In a 2005 report, “Food Marketing to Children and Youth: Threat or Opportunity?”, an Institute of Medicine (IOM) expert committee concluded that prevailing food and beverage marketing practices did not support a healthful diet and provided recommendations for diverse stakeholders to promote a healthful diet to children and adolescents. This paper reviews the available evidence between December 1, 2005 and January 31, 2011 to evaluate government and school progress to achieve the IOM report recommendations. The evaluation showed that moderate progress was made by schools, school districts, and educational leaders to create healthier eating environments for students. Government made limited progress to strengthen the nation’s research capacity to understand how marketing influences diets; and made no progress to either create a national “healthy eating” social marketing campaign, or to designate a responsible agency to monitor and report on progress for all actions.
Government and School Progress to Promote a Healthful Diet to American Children and Adolescents: A Comprehensive Review of the Available Evidence
The USDA Special Supplemental Nutrition Program for Women, Infants, and Children (WIC) provides critical nutrition assistance to lower-income women, infants, and young children. During the coronavirus pandemic, unemployment has risen to levels greater than experienced during the Great Recession, and food insecurity has also increased, making WIC’s role more important … More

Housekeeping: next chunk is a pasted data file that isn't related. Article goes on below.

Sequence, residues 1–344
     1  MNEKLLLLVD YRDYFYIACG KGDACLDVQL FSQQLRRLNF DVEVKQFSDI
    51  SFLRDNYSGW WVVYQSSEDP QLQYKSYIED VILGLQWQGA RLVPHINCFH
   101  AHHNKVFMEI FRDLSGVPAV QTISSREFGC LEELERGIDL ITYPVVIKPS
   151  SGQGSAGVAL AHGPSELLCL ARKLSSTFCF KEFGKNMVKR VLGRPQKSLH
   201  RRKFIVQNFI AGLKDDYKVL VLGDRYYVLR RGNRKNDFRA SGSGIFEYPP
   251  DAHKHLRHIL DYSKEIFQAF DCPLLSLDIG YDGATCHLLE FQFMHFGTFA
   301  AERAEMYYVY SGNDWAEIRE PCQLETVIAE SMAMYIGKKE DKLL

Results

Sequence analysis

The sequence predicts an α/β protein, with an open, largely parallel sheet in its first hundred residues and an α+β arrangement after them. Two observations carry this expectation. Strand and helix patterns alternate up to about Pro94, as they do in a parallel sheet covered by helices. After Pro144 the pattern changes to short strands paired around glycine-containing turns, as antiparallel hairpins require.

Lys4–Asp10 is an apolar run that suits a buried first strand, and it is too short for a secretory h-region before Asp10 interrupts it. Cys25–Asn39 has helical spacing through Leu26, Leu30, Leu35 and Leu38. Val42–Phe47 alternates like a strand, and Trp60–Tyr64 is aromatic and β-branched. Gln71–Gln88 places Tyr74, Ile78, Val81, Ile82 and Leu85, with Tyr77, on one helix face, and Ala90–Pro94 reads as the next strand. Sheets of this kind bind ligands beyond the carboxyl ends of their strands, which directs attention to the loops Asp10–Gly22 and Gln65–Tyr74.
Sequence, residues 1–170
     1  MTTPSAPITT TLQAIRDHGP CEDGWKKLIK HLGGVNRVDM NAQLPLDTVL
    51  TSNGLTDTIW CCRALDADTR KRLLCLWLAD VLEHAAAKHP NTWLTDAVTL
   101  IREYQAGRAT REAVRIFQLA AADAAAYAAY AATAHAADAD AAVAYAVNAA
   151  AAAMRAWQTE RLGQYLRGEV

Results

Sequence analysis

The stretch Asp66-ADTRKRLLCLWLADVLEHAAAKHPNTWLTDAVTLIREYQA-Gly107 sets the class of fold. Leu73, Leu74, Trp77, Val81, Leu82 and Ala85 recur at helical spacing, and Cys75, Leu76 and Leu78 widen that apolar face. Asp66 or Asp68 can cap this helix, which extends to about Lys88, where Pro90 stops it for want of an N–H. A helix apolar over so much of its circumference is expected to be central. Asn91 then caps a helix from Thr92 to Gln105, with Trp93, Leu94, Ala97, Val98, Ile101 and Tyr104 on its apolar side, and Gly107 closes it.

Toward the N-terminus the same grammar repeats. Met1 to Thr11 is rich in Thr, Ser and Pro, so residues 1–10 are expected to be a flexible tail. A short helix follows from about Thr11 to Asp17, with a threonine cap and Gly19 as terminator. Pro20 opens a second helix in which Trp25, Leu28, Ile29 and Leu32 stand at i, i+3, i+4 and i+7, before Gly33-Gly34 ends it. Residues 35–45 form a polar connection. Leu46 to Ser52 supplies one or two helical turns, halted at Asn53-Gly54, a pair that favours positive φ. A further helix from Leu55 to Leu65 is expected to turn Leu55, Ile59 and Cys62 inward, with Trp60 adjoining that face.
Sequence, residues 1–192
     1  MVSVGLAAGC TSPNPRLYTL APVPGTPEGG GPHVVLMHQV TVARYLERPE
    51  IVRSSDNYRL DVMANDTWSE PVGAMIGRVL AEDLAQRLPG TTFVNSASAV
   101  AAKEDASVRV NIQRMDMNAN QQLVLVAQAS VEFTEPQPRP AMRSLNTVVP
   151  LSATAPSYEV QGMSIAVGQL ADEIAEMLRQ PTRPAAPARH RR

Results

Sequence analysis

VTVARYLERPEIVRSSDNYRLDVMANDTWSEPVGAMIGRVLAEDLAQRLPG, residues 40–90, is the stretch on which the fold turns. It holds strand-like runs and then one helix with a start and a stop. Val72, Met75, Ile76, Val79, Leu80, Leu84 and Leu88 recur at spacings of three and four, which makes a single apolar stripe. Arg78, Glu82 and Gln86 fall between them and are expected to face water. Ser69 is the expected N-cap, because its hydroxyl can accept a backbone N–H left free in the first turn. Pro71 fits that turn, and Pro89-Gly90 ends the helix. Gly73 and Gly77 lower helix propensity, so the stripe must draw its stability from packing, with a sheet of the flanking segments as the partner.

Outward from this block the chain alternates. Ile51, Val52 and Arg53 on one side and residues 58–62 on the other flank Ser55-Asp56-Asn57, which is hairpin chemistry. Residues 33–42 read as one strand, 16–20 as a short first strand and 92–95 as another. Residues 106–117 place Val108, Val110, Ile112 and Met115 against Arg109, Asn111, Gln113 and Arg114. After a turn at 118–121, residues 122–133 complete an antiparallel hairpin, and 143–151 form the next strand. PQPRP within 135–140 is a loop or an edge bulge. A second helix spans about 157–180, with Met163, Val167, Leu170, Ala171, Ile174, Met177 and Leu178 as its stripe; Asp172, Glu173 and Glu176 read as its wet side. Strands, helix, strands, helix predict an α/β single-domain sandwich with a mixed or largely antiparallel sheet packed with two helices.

Stories of Success: A Qualitative Examination of Contributors to Excellence in School Drinking Water Access
Drinking water instead of beverages with added sugar can help prevent obesity and cavities and promote overall health. Children spend much of their day in school, where they have variable access to drinking water. In 2010, federal and state law required California public schools to provide free potable water to … More
Policymakers worldwide are considering requiring warnings for sugary drinks. A growing number of experimental studies have examined sugary drink warnings’ impacts, but no research to our knowledge has synthesized this literature. To inform ongoing policy debates, this study aimed to identify the effects of sugary drink warnings compared with control … More